This is an older book, found at my university library. Quite frankly, it would be worthwhile to publish again and recommend to the many people who are showing such an interest in forensics due to shows such as CSI. Many of the concepts Smith teaches are still valuable today. If readers cannot buy this book, try to find it at a university libary. It is extremely well-written and enjoyable.
University of Pittsburgh
Erle Stanley Gardner says a successful practitioner of forensic medicine must not only be outstanding in his field, but most be quick-thinking and keen of mind: a real version of Sherlock Holmes. A good medical expert should search for the truth, not the facts to support a pre-conceived theory; this usually results in a miscarriage of justice; chapter 20 illustrates this.
Page 90 tells of his analysis of the British .303 cartridge. The bullet had an "aluminium tip enclosed in a strong cupro-nickel jacket". This tip often broke off when the bullet entered a body. This could result in a blunt-edged bullet that could tumble in a body and create more damage; in effect, a dum-dum bullet.
On page 152 he says that in the British legal system, expert witnesses are made available to the defendants, and paid when the defendant is without means. This is an improvement over just providing a public defender. "While the life of a scoundrel may not be worth saving, the principles of justice always are."
Sir Sydney Smith writes with a dry, subtle sense of humor, and with understatements. This book cannot be easily summarized, except to say: get it and read it!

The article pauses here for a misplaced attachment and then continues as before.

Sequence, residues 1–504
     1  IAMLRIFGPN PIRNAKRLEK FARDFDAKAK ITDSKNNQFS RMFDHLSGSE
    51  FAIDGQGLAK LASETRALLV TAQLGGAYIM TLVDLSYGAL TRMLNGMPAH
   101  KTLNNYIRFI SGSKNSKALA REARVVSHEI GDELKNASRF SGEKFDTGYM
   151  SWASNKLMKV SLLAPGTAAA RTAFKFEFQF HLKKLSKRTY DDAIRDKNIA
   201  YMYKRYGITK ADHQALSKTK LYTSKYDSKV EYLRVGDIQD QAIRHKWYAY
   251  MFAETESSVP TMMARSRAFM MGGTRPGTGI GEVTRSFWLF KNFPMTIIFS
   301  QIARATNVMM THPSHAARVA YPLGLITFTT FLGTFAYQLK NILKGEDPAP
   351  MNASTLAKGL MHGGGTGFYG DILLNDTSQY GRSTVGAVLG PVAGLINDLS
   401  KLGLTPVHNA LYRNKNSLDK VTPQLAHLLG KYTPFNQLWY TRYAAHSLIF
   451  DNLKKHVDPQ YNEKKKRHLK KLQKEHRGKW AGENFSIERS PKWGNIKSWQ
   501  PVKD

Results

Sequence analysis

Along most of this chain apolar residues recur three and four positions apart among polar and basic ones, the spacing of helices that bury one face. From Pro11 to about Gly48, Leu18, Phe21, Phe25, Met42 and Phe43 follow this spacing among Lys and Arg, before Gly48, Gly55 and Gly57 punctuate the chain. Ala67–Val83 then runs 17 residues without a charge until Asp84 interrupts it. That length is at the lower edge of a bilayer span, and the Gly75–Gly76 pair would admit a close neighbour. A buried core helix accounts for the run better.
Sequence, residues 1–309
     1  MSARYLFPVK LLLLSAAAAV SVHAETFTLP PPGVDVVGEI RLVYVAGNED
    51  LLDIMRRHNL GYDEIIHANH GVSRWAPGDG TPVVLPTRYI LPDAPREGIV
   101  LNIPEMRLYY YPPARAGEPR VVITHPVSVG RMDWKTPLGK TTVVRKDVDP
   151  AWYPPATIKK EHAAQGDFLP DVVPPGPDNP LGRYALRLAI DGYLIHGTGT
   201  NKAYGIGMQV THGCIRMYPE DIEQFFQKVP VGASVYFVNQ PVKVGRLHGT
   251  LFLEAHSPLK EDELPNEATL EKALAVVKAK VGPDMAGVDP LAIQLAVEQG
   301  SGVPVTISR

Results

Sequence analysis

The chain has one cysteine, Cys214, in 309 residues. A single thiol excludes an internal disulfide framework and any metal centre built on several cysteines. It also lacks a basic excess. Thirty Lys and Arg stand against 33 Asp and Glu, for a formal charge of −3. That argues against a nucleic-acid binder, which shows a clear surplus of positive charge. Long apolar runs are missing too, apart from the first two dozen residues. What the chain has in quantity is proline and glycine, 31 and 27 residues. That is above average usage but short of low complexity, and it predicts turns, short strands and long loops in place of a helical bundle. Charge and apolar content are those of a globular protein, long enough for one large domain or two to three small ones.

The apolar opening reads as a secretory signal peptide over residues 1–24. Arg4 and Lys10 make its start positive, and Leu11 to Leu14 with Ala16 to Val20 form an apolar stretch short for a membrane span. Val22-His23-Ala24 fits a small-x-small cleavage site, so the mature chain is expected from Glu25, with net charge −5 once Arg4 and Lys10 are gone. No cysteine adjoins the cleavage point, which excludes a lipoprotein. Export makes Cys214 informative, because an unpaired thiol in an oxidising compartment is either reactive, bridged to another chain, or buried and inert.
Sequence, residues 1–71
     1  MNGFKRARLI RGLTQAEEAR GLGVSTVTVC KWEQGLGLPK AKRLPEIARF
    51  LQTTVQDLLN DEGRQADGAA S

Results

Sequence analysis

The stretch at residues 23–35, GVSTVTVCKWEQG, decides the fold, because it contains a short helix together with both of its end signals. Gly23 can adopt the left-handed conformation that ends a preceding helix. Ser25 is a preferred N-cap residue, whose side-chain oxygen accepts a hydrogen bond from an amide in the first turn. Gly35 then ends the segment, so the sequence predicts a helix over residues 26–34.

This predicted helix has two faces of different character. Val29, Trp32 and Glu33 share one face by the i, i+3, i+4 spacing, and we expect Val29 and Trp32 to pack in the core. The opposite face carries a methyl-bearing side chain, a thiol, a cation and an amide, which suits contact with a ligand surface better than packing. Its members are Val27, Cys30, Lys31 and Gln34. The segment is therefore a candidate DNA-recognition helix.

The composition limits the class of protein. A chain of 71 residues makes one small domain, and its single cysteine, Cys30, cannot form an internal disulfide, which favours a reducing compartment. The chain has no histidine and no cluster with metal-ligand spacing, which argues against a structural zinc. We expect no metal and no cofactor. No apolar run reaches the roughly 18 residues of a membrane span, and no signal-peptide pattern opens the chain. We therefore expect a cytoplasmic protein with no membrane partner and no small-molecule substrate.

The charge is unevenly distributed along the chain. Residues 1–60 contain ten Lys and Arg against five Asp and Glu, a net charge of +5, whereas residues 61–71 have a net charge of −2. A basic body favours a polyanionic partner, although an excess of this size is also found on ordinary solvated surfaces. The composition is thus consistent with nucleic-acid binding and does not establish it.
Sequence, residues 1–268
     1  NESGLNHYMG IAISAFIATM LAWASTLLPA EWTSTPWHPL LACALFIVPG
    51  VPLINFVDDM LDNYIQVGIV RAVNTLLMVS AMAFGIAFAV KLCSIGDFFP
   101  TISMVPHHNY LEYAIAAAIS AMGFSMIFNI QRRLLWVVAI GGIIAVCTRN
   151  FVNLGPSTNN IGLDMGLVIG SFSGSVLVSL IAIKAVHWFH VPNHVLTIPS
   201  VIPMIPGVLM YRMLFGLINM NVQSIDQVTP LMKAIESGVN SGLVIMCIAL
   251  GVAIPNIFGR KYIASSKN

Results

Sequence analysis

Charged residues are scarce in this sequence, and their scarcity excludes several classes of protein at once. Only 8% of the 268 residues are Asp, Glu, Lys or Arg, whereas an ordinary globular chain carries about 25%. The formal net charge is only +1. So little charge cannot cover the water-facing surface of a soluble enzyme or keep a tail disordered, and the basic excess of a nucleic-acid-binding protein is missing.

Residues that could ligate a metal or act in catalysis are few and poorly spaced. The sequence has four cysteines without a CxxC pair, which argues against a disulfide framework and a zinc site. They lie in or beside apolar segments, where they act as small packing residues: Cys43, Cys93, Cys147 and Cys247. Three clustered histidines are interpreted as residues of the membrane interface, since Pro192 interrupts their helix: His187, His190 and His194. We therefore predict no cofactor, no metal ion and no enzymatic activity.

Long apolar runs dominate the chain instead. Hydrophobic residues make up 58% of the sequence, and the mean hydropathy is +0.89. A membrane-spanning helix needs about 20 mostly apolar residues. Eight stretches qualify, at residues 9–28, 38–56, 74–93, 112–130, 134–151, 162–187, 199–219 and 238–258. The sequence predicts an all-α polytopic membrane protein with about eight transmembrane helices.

Sir Sidney Smith was one of the most brilliant and famous professors of forensic medicine in the first half of the 20th century. The British police relied on his help to solve baffling and bizarre crimes. Smith was a real life "Sherlock Holmes" who solved real crimes by real murderers. This 1959 book was a best seller. Most of these cases were reported in professional journals earlier. This 1973 book is a reissue of the original with a Foreword by Professor Keith Simpson. Smith was compared to Dr. Joseph Bell, the inspiration for "Sherlock Holmes". These chapters contain cases that involved Smith. Some became true crime classics, like the Ruxton case. The background tells about the life and culture of those times.
Smith was born in New Zealand, worked as a pharmacist, then went to the University of Edinburgh (Chapter 1). A successful medical diagnosis requires observation, deduction, and exact knowledge (Chapter 2). Forensic medicine goes back thousands of years (p.38). The bodies of two young boys were found in a water-filled quarry. Chapter 3 tells how this case was solved. Smith was appointed head of the medico-legal section in Cairo in 1917, where the French legal system is followed (Chapter 4). Laboratory evidence was respected because of the fallibility of witnesses (p.56). Poisoning for gain was common (p.65). So was murder (Chapter 5). Polygamy caused domestic turmoil, jealousy, and crime (p.75). The end of the Great War saw riots for independence in Egypt (Chapter 6). British .303 cartridges have a bullet tip that broke off when it hit a body (p.90). No other military used this. The 1924 assassination of the Commander of the Egyptian Army was solved by ballistic evidence that linked the bullets to a pistol (Chapter 7).